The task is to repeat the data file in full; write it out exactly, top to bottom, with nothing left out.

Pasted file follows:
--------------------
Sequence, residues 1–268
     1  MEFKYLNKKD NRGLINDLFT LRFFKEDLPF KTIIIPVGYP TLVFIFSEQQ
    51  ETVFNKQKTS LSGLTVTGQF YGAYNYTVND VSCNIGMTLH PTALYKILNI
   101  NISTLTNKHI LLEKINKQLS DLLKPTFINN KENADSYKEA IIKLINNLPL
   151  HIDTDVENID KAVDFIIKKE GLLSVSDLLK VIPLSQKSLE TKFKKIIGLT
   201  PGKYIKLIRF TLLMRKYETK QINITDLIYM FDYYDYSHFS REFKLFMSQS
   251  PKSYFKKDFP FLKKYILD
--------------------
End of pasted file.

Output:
Sequence, residues 1–268
     1  MEFKYLNKKD NRGLINDLFT LRFFKEDLPF KTIIIPVGYP TLVFIFSEQQ
    51  ETVFNKQKTS LSGLTVTGQF YGAYNYTVND VSCNIGMTLH PTALYKILNI
   101  NISTLTNKHI LLEKINKQLS DLLKPTFINN KENADSYKEA IIKLINNLPL
   151  HIDTDVENID KAVDFIIKKE GLLSVSDLLK VIPLSQKSLE TKFKKIIGLT
   201  PGKYIKLIRF TLLMRKYETK QINITDLIYM FDYYDYSHFS REFKLFMSQS
   251  PKSYFKKDFP FLKKYILD